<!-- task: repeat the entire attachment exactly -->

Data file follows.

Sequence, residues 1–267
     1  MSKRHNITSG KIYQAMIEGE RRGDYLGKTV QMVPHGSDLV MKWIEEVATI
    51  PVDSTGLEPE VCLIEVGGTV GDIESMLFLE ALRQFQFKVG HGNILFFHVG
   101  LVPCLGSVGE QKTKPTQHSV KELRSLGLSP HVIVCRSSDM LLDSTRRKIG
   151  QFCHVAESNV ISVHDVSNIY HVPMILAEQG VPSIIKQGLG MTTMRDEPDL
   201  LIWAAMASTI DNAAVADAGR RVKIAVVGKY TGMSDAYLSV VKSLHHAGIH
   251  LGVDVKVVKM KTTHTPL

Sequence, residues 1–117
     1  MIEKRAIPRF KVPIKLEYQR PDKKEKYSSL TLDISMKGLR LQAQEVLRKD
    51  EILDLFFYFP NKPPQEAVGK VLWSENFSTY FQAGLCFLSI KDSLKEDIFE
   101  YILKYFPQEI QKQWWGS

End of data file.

Sequence, residues 1–267
     1  MSKRHNITSG KIYQAMIEGE RRGDYLGKTV QMVPHGSDLV MKWIEEVATI
    51  PVDSTGLEPE VCLIEVGGTV GDIESMLFLE ALRQFQFKVG HGNILFFHVG
   101  LVPCLGSVGE QKTKPTQHSV KELRSLGLSP HVIVCRSSDM LLDSTRRKIG
   151  QFCHVAESNV ISVHDVSNIY HVPMILAEQG VPSIIKQGLG MTTMRDEPDL
   201  LIWAAMASTI DNAAVADAGR RVKIAVVGKY TGMSDAYLSV VKSLHHAGIH
   251  LGVDVKVVKM KTTHTPL

Sequence, residues 1–117
     1  MIEKRAIPRF KVPIKLEYQR PDKKEKYSSL TLDISMKGLR LQAQEVLRKD
    51  EILDLFFYFP NKPPQEAVGK VLWSENFSTY FQAGLCFLSI KDSLKEDIFE
   101  YILKYFPQEI QKQWWGS